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U.S. policy not aimed at hostility, but reducing tension with N. Korea: Sullivan

All News 23:20 May 02, 2021

By Byun Duk-kun

WASHINGTON, May 2 (Yonhap) -- The U.S. policy toward North Korea is not aimed at hostility but reducing tension, the top U.S. security adviser said Sunday, adding the ultimate goal of the policy is to completely denuclearize the Korean Peninsula.

National Security Adviser Jake Sullivan added the United States is prepared to engage with North Korea to discuss "practical" steps toward denuclearization.

"Our policy towards North Korea is not aimed at hostility. It's aimed at solutions. It's aimed at ultimately achieving the complete denuclearization of the Korean Peninsula," Sullivan said in an interview with ABC News.

"And we're prepared to engage in diplomacy towards that ultimate objective but work on practical measures that can help us make progress along the way towards that goal," he added.

U.S. policy not aimed at hostility, but reducing tension with N. Korea: Sullivan - 1

The remarks come shortly after North Korea accused U.S. President Joe Biden of making a "big blunder" and threatened the U.S. will find itself in a very difficult situation.

Pyongyang took issue with Biden's recent address to U.S. Congress, in which the U.S. leader said his country will closely work with U.S. allies to address the North Korean nuclear issue through "diplomacy, as well as deterrence."

"It is certain that the U.S. chief executive made a big blunder in the light of the present-day viewpoint. Now that what the keynote of the U.S. new DPRK policy has become clear, we will be compelled to press for corresponding measures, and with time the U.S. will find itself in a very grave situation," a North Korean diplomat said in a statement carried by the North's official Korean Central News Agency on Sunday (Korea Standard Time).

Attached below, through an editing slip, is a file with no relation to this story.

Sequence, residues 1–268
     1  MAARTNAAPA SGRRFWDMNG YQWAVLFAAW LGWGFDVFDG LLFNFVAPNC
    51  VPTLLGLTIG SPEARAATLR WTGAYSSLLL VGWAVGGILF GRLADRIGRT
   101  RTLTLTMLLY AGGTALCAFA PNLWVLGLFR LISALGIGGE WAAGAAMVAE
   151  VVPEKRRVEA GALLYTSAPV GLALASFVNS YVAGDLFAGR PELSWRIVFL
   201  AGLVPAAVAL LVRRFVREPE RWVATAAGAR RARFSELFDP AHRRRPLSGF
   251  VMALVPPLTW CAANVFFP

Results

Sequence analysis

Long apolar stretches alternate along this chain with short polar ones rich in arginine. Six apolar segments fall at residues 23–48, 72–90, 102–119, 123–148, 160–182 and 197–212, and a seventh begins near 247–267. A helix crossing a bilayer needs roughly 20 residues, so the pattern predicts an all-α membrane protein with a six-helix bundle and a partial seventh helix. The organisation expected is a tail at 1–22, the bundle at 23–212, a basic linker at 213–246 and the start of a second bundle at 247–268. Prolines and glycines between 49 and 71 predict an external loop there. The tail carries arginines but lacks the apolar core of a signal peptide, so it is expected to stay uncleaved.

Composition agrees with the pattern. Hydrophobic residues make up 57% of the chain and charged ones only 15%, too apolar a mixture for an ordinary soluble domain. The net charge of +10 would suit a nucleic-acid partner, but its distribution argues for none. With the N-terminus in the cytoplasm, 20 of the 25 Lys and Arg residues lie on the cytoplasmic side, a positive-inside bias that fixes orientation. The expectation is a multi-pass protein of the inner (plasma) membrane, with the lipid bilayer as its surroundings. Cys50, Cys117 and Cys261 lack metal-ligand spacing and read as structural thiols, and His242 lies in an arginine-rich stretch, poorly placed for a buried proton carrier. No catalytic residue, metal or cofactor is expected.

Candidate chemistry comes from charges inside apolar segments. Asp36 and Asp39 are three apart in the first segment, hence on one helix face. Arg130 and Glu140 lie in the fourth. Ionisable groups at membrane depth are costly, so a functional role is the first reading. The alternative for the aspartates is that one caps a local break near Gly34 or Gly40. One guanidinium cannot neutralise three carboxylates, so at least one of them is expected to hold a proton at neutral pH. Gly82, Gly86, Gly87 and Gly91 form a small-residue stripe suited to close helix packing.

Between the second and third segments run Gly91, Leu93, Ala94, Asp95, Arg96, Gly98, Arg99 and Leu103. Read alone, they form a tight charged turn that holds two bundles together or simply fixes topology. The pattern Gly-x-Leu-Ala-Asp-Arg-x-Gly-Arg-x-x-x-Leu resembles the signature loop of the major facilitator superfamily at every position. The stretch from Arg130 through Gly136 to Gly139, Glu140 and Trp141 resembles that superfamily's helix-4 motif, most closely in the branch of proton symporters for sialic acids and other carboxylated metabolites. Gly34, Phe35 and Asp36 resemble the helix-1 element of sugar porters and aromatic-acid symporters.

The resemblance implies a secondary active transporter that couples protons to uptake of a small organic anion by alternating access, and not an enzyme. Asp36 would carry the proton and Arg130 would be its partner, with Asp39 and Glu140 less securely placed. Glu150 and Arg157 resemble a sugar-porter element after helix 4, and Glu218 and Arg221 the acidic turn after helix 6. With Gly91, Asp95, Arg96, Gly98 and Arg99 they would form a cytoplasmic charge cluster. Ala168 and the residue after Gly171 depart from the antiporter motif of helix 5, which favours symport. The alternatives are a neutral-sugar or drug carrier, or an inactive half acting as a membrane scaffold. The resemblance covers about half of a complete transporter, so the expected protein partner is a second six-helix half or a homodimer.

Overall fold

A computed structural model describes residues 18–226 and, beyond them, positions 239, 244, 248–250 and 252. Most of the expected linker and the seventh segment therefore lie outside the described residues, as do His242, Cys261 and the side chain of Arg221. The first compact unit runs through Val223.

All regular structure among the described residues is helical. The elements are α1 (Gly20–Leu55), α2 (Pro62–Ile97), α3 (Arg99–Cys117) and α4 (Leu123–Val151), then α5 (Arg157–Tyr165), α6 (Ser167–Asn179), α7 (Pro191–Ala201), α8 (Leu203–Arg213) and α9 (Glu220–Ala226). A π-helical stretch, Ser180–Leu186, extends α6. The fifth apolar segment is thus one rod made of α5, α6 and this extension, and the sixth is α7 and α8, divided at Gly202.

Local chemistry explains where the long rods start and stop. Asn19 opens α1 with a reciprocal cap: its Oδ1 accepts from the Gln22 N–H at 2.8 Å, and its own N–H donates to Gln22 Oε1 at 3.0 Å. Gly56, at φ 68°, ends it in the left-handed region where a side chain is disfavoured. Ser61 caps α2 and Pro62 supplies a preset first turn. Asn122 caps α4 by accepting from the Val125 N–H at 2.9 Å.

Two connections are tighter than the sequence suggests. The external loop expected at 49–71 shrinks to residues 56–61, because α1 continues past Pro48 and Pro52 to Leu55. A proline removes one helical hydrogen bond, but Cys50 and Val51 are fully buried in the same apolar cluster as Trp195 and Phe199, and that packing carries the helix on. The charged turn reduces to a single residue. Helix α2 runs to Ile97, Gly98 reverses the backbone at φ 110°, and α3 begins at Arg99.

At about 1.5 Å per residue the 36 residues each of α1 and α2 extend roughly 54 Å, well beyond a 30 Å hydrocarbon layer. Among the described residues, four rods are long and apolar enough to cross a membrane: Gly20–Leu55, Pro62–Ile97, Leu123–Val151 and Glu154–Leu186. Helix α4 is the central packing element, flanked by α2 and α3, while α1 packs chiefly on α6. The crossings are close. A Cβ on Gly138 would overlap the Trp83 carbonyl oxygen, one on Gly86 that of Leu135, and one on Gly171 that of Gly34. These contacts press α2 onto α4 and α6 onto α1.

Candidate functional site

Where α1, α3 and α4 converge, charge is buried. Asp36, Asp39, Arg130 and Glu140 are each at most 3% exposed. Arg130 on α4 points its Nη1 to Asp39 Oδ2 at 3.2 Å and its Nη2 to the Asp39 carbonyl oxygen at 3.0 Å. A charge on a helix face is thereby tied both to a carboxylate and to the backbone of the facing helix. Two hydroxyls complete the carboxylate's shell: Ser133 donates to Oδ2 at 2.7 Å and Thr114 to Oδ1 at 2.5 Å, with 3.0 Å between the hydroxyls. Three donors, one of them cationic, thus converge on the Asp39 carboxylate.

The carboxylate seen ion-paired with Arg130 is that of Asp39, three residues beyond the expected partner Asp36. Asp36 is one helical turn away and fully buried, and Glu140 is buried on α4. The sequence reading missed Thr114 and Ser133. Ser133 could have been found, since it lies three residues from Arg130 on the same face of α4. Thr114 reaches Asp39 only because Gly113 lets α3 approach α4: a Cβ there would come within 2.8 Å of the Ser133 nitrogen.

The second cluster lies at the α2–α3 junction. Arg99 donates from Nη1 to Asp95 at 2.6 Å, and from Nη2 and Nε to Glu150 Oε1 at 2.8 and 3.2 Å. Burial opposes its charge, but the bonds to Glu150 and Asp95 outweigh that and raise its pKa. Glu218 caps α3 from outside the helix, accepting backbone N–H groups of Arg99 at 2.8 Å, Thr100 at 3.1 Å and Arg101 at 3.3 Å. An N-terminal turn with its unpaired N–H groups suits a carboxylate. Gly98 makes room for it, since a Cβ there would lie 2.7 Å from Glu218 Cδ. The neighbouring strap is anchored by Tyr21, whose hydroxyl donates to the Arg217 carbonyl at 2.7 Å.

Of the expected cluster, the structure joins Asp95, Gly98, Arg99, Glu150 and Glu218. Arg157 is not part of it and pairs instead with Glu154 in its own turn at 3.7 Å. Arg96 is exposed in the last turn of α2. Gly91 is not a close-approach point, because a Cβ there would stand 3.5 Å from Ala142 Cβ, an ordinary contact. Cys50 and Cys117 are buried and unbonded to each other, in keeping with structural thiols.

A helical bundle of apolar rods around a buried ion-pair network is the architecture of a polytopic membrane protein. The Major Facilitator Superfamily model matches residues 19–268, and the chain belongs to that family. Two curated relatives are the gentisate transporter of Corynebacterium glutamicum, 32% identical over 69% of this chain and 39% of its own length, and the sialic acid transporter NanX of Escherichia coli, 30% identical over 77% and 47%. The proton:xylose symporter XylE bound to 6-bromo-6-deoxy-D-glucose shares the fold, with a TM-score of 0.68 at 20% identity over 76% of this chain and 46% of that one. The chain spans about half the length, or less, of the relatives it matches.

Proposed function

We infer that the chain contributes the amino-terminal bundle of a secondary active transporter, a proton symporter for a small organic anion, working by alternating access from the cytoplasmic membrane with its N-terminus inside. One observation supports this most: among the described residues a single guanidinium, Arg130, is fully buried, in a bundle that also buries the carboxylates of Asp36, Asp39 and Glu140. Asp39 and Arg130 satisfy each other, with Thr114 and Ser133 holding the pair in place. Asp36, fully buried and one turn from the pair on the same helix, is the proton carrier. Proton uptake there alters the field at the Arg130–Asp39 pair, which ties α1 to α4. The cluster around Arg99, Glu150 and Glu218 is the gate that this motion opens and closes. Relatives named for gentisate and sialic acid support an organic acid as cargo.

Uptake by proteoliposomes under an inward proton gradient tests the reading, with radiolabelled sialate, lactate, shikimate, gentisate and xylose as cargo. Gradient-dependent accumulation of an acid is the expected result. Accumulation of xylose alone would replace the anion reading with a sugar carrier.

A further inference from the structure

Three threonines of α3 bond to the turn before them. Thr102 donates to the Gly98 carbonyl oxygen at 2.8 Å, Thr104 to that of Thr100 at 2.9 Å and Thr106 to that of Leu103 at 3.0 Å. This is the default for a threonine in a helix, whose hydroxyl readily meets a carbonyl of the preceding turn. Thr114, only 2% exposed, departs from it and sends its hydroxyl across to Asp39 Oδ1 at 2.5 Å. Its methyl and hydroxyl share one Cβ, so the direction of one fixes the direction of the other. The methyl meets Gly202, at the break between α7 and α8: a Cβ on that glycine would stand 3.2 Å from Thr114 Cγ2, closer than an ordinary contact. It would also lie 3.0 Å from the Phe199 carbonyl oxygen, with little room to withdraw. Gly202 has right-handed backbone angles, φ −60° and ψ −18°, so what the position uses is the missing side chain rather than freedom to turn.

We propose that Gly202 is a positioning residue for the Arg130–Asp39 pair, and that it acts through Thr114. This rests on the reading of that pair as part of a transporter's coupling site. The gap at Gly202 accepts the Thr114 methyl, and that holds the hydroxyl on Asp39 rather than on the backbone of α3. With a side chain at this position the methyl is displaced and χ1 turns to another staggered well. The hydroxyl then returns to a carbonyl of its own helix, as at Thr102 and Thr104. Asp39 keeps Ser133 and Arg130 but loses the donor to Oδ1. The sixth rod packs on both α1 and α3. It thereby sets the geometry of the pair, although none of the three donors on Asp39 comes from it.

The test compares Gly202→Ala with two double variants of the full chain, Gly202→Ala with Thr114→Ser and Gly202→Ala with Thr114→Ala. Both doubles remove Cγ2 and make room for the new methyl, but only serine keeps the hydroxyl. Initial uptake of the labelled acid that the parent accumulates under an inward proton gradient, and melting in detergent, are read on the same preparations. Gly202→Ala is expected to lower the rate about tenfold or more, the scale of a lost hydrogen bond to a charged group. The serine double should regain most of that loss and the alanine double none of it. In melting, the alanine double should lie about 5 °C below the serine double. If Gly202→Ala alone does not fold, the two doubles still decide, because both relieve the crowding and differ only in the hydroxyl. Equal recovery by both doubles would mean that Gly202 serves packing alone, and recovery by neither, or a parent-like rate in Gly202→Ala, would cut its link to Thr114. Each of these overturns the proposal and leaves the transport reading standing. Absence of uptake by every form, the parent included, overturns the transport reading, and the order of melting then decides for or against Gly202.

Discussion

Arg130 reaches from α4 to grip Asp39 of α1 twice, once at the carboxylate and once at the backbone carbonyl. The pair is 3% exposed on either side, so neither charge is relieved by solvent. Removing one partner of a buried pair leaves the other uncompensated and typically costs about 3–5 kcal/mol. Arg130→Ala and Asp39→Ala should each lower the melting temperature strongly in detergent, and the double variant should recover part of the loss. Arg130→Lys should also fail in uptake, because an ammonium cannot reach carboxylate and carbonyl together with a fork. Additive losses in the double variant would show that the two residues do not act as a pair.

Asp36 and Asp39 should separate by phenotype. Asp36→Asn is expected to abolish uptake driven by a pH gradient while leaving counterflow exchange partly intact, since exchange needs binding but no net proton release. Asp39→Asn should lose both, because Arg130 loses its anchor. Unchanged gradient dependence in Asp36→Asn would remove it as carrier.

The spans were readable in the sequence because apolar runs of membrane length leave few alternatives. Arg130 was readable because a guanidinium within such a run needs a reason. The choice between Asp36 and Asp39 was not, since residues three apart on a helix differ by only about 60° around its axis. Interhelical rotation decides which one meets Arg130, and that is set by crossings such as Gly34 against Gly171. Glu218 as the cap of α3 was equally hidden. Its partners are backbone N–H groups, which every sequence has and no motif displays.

Sullivan said the United States seeks "practical ways" to advance the denuclearization process.

"We believe that rather than all-for-all or nothing-for-nothing, a more calibrated, practical, measured-approach stands the best chance of actually moving the ball down the field towards reducing the challenge posed by North Korea's nuclear program," he said.

On Friday, White House spokeswoman Jen Psaki said the U.S. has completed its extensive review of its North Korea policy.

"Our policy will not focus on achieving a grand bargain, nor will it rely on strategic patience," she said, referring to North Korea policies of previous U.S. administrations.

"Our policy calls for a calibrated, practical approach that is open to and will explore diplomacy with the DPRK," added Psaki, referring to North Korea by the acronym for its official name, the Democratic People's Republic of Korea.


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